Information about parking and nearby public transport services should also be listed on the event website and in any communications shared with registered delegates.
Disability inclusion on website and in comms
An accessibility section on the event website should be signposted. There should also be an option for slides to be shared with delegates ahead of time for visually impaired people who might use a screen reader.
The website and any associated communications should be easy to read. This includes using large text no smaller than 12pt and clear fonts such as Times New Roman. Alternative text and image descriptions are a good idea for visually impaired people using screen readers.
To ensure inclusive website navigation, large buttons should be implemented with plenty of space around them. Captions should also be used for any video material, and there should be keyboard accessibility for those that can’t or don’t use a mouse.
The above points about websites and communications accessibility can also be applied to any material shared during the event, such as presentation slides.
Event planners should make sure that speakers with disabilities feel included too. This includes checking that event equipment such as stools are accessible and not too high. It is also a good idea to ask speakers’ permission to fit microphone devices or ask if they’d rather do it themselves.
For virtual events, adding real-time captioning to things like roundtable events and live Q&As will help delegates follow the conversation. In a physical event, this could be achieved by filming the conversation and using a screen to televise the content, complete with captions, to the audience. Any pre-recorded videos should also include captions.
Furthermore, any slides used in pre-recorded or live material should include a space at the bottom of each slide to accommodate captions. Another good idea is for the host to reiterate the names of each speaker throughout the conversation to help captioners and the audience knows who is speaking.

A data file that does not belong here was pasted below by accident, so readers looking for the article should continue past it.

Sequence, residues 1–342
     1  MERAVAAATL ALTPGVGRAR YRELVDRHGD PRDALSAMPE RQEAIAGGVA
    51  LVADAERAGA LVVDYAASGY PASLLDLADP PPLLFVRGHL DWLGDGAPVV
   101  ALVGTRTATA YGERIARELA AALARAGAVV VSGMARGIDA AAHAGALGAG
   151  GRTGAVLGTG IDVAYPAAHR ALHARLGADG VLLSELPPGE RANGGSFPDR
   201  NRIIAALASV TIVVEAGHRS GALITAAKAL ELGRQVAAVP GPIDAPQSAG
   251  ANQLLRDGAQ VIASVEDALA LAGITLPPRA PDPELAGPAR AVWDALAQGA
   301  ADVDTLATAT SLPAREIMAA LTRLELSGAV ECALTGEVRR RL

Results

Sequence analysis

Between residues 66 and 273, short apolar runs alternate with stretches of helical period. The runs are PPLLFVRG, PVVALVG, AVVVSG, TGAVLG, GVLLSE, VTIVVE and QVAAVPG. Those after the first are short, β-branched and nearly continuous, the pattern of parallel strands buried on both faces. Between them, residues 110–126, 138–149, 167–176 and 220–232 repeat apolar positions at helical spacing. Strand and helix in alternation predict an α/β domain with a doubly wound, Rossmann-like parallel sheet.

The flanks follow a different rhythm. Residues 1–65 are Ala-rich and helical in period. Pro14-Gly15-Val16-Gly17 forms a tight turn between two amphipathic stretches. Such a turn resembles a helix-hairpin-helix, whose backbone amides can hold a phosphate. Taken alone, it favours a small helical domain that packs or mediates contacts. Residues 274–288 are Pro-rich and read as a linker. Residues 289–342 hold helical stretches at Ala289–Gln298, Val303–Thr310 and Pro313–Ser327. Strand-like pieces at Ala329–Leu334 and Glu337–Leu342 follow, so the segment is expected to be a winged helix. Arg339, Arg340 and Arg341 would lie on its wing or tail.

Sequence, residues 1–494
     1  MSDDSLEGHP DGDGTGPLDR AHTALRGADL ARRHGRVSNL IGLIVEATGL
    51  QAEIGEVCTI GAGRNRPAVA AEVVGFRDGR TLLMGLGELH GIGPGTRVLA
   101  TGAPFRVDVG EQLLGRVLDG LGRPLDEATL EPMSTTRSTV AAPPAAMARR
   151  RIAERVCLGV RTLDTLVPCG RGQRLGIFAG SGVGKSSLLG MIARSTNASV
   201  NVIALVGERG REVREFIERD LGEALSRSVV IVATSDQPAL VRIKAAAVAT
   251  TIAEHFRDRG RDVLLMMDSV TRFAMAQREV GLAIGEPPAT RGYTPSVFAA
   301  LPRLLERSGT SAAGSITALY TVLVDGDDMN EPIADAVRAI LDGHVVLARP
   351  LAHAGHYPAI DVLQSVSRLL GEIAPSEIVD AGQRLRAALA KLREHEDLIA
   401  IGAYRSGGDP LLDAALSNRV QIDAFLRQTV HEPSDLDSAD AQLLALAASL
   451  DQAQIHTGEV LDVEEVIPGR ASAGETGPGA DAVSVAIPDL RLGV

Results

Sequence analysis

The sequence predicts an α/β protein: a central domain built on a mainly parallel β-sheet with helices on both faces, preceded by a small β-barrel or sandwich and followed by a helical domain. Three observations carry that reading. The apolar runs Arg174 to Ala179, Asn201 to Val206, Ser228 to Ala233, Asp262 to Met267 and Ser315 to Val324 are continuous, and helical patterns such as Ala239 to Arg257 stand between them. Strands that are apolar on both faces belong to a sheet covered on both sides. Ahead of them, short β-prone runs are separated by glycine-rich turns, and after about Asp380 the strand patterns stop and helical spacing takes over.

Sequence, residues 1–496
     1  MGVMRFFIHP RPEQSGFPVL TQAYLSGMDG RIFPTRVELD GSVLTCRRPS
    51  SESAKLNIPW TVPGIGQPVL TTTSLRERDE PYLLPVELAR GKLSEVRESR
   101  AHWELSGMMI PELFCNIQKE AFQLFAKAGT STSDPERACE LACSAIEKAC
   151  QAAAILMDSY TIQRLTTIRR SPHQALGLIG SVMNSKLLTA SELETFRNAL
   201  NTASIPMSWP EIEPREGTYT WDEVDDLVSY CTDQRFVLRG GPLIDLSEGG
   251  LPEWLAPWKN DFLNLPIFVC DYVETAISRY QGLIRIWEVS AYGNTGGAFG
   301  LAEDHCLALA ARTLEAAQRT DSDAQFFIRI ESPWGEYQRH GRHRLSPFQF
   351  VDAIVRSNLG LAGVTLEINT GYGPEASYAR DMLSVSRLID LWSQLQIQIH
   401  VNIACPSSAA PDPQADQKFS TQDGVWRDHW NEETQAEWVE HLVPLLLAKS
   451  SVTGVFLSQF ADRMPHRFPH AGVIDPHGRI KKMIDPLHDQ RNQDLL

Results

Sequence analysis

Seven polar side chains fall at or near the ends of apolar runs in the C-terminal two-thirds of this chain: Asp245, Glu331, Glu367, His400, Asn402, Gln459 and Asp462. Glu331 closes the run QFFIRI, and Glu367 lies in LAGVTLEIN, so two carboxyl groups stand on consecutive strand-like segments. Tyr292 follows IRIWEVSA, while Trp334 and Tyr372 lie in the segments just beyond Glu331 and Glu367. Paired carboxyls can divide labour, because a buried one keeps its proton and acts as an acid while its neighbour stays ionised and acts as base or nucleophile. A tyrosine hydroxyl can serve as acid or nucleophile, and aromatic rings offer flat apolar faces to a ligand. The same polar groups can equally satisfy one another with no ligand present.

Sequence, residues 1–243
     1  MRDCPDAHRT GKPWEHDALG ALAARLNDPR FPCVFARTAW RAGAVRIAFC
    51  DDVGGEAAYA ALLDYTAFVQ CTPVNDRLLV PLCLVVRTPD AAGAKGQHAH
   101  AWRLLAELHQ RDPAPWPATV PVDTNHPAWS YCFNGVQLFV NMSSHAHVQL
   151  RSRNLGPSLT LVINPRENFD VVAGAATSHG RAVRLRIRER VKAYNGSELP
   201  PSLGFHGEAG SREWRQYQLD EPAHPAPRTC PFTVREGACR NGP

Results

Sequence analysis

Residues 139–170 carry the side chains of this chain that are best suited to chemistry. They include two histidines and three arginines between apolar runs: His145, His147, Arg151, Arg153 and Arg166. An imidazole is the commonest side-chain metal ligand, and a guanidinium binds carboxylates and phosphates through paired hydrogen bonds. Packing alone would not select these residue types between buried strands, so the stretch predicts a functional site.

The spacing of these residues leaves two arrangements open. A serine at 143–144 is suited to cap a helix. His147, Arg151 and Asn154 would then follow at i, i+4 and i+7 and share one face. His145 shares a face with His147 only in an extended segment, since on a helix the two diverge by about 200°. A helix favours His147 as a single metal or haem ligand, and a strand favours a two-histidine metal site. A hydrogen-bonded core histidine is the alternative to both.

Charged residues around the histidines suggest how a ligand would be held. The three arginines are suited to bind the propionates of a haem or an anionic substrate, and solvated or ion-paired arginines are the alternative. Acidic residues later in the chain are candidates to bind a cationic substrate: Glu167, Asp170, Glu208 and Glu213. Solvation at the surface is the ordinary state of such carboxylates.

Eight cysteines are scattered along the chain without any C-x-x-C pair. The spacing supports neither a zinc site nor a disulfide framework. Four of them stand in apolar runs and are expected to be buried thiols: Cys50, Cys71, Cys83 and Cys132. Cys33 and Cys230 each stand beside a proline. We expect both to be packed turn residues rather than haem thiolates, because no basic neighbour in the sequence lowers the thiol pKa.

COP26 – a reminder of our net-zero goals
Aside from highlighting event accessibility issues for disabled people, the news from COP26 throws up another important topic: the need for businesses to limit their environmental impact.
By 2023, the UK’s large organisations and financial institutions will have to detail public plans for a low-carbon future in line with the country’s 2050 net-zero target, so how can they achieve it so soon?
Reaching this requires businesses to create innovative solutions driven by team collaboration, and this means a more diverse workforce who are empowered to contribute their ideas and have them heard.
Diversity of ideas and perspectives is crucial to stimulating innovation, where businesses must recruit talent from diverse backgrounds who can bring disruptive ideas to the table.
In this article, you learned that:
- One in five people in the UK is living with a disability.
- Checking a venue has wide enough halls and doorways for wheelchair access is one way to decide whether it’s disability-inclusive enough.
- For website and additional comms use, large text no smaller than 12pt and clear font such as Times New Roman will help with accessibility.